Langley: Low-Income Housing Bill Helps Those Without a Home


Jack Gambassi

A for rent sign on display outside of an apartment in the East Central Neighborhood of Salt Lake City on Tuesday, Feb. 7, 2023. (Photo by Jack Gambassi | The Daily Utah Chronicle)

By Jeffrey Langley Jr., Opinion Editor


In Utah, housing has become a severe issue for thousands of citizens. With housing prices rising by an absurd 24.6% during the pandemic, many now experience homelessness statewide. Thankfully, with recent subsidized developments and the potential adoption of H.B. 231 sponsored by Rep. Steve Eliason, which grants tax incentives for low-income housing units, housing may become more affordable.

While Utah still has a long way to go, policies like H.B. 231 help Utahns realize the need for the decommodification of housing.

The Need for H.B. 231 and Its Function

While housing experts estimate prices to fall, Utahns may still face comparatively high prices. Alongside record-breaking rent hikes and slowing housing construction, Utah’s housing market is in a rough situation. Consequently, homelessness rates, which also worsened due to the pandemic, have increased by around 25% from 2018 to 2022. Utah has taken great strides in constructing affordable housing with non-profits across the Salt Lake metropolitan area, and Eliason’s bill works to enhance this work. In H.B. 231, an amendment to Section 59-2-1101 helps the performance of these developments by exempting non-profit housing entities from paying property taxes on deeply affordable units.

Becoming a non-profit housing entity also becomes a more straightforward process with the implementation of this bill. Eliason’s bill slightly bends the legal definition of a non-profit to fit those who provide or are willing to provide permanent supportive housing for at least 15 years. It also provides this tax benefit for those who jointly own a property with a non-profit entity.

The Potential Benefits of H.B. 231

While the specific changes that H.B. 231 introduces to Utah law may seem niche, opening more doors to a non-profit-centered housing system can have many benefits. This is especially true when systems like these are catered to those who are experiencing homelessness or are elderly.

The lack of affordable housing in America is detrimental not only to individuals, but to the entire economy. So, the notion that affordable housing systems are “… indeed [hostile] to free market capitalism writ large,” as put by the American Conservative, is generally false. Not only is it wrong, but this line of thinking ignores that many Western, free-market countries have socialized housing programs — some of which are exceedingly robust and decades in the making. If the result of American-style, capitalist housing is that we have 33 empty properties for every person experiencing homelessness, it may be wise for some to reconsider their devotion to it.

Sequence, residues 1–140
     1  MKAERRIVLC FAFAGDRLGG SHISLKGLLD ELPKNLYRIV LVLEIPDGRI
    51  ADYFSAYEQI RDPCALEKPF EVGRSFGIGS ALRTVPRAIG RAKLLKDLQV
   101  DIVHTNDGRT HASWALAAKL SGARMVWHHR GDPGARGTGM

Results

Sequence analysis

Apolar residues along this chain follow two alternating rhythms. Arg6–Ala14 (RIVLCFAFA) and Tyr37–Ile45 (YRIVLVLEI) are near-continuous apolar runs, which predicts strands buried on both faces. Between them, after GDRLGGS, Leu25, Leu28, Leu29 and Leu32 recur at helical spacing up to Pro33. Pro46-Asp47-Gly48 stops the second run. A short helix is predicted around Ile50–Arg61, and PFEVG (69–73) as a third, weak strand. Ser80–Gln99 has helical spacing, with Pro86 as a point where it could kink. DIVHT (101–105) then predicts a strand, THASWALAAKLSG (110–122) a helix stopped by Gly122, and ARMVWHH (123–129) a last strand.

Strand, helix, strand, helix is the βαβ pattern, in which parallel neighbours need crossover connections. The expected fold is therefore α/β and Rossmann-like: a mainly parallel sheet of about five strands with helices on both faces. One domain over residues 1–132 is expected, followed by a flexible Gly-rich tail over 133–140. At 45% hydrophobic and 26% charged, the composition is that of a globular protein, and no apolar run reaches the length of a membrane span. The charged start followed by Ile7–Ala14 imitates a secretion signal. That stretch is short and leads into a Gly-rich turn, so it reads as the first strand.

Access to affordable housing also benefits the physical, mental and social health of citizens of all ages. Children who have experienced homelessness are far more likely to experience mental health problems and developmental delays than those in stable housing situations.

Additionally, in the United States, around 700 people die of hypothermia due to a lack of affordable housing every winter. However, those who find shelter in the colder months are not wholly safe due to the increased likelihood of catching illnesses like COVID-19 and influenza.

However, those experiencing homelessness are not the only ones benefiting. Victims of abuse are also more likely to escape their abusers when they have access to affordable housing. In a state where domestic violence is quite common, H.B. 231 can help give those experiencing abuse a fresh start.

How This Bill Will Help Students

Increasing housing prices have too spread to the University of Utah. Many students, in some cases, have their rent increased by over $750 in the last year. These prices make living financially straining, especially for graduate students or students with dependents. Off-campus prices for apartments in downtown Salt Lake can be around $2,000. According to the Salt Lake Tribune’s piece, for some students like Fagundo Ojeda, 60% of their income can go to rent. For context, this percentage would be considered well above what the United States government considers extremely rent burdened. Twenty percent of undergraduate students in America today have found themselves without stable housing. Consequently, the vast majority of these struggling students consider dropping out due to their financial situation.

With the rapidly increasing population at the U, many students stand to benefit from the adoption of H.B. 231, as the economic incentive will drive the creation of more low-income housing. Students on the brink of financial collapse due to high rents may also be able to find refuge in new housing, helping them complete their education.

Although Utah now suffers from an inadequate housing structure and volatility in the market, bills like H.B. 231 can help establish a more equitable and functional system. It may take time, but no price is too high when it comes to providing citizens — young and old — with the security of a safe, stable home.


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